(Reuters) - One medical worker called it "insane," another said it induces paranoia - the speed with which patients are declining and dying from the novel coronavirus is shocking even veteran doctors and nurses as they scramble to determine how to stop such sudden deterioration.
Patients "look fine, feel fine, then you turn around and they're unresponsive," said Diana Torres, a nurse at Mount Sinai Hospital in New York, the epicenter of the pandemic in the United States, where the virus has infected more than 415,000 people. "I'm paranoid, scared to walk out of their room."
It isn’t just elderly or patients with underlying health conditions who can be fine one minute and at death's door the next. It can happen for the young and healthy, too, health professionals told Reuters.
A young woman died unexpectedly while nurse Laurie Douglas was on duty at Our Lady of the Lake Hospital in Baton Rouge, Louisiana. After 34 years on the job, Douglas said she normally has "an intuition of who is going to fade and who may improve."
"But these people are throwing that out the window," Douglas said. "Last week, she was planning her wedding. This week, her family is planning her funeral," she said, referring to the deceased patient.
Patients might enter the hospital with strong oxygen levels and be engaged in happy conversation, said a resident emergency doctor at New York-Presbyterian Hospital, only to be "gasping for breath" and intubated a few hours later.
"The scary thing is there are no rules to it," said the resident, who spoke on condition of anonymity.
These scenes are playing out everywhere as COVID-19, the respiratory disease caused by the new coronavirus, has infected more than 1.4 million worldwide and killed more than 83,400 as of Wednesday. Click tmsnrt.rs/3aIRuz7 in a separate browser for a GRAPHIC tracking coronavirus globally.
The quick turns for the worse are likely products of an "overly exuberant" reaction by the immune system as it fights the virus, said Dr. Otto Yang, an infectious disease specialist at the UCLA Medical Center in Los Angeles.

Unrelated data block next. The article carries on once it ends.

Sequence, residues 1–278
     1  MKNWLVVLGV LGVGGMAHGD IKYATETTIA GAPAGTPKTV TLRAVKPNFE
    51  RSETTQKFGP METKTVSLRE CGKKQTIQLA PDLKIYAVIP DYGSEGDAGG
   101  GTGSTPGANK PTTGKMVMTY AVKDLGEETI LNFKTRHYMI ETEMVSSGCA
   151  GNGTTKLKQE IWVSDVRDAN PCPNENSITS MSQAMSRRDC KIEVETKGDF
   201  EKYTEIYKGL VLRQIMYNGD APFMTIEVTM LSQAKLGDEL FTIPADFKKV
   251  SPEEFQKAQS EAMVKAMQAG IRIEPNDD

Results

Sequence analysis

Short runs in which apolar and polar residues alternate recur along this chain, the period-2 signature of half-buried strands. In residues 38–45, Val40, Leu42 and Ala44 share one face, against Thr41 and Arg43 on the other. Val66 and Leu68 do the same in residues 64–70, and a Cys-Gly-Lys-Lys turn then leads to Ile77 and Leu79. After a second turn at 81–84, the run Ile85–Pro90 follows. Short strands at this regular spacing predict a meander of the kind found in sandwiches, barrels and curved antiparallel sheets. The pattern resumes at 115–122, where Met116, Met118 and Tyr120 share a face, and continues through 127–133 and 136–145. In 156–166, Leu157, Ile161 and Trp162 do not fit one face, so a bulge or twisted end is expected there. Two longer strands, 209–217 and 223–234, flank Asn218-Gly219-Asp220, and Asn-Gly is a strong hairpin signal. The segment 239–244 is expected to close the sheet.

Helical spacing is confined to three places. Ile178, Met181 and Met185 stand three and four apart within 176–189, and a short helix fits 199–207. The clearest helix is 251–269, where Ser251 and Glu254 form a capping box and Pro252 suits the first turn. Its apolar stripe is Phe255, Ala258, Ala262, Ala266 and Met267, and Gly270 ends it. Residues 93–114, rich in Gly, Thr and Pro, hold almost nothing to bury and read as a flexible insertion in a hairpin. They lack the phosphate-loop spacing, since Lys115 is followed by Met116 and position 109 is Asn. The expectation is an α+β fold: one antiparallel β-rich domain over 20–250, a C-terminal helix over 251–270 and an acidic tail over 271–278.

Called a cytokine storm, it occurs when the body overproduces immune cells and their activating compounds - cytokines - causing dangerously high blood pressure, lung damage and organ failure.
Emily Muzyka, 25, a nurse in the New York suburbs, said she reached her breaking point last week, when a relatively healthy 44-year-old woman needed sudden intubation.
"I had a meltdown that night," she said. "I cried to my boyfriend."
In the case of COVID-19 patients, intubation refers to inserting a tube into the mouth and through the airway of a patient struggling to breathe, so they can be hooked to a mechanical ventilator.
Associated Press journalist Anick Jesdanun, who was in good health and had run 83 marathons, died last week from COVID-19, according to a post on Facebook by his cousin, Prinda Mulpramook.
Jesdanun, who was 51, at first didn't need hospitalization, according to the post. He had begun to recover and showed clear lungs and strong vital signs during a doctor's visit in late March. But "a sudden setback" sent him to the emergency room on April 1, and "13 hours later we lost him," Mulpramook wrote.
A nurse at Mount Sinai’s intensive care unit recalled watching patients' kidneys quickly shut down, adding that many require intravenous drips of the blood thinner Heparin. "It's insane how sick they get, how quickly," the nurse said. "We're really trying hard to figure out how to treat them."
Doctors say they are having limited success saving patients that require intubation.
At Columbia University Irving Medical Center, intubated patients are spending around two weeks on ventilators, chief surgeon Dr. Craig Smith said in a public newsletter on Friday.
The resident emergency doctor at New York-Presbyterian said more patients than usual are dying while on the machines. The exact numbers were still not known while the epidemic rages and with hospitals sometimes working in chaotic conditions.
Some of those hospitals are experimenting with unproven drugs in hopes of helping patients, including the anti-malaria medication hydroxychloroquine.
"We're essentially throwing the kitchen sink at these patients," the New York-Presbyterian resident said.
(Reporting by Nick Brown and Deena Beasley; additional reporting by Gabriella Borter, Kristina Cooke and Jonathan Allen; editing by Grant McCool)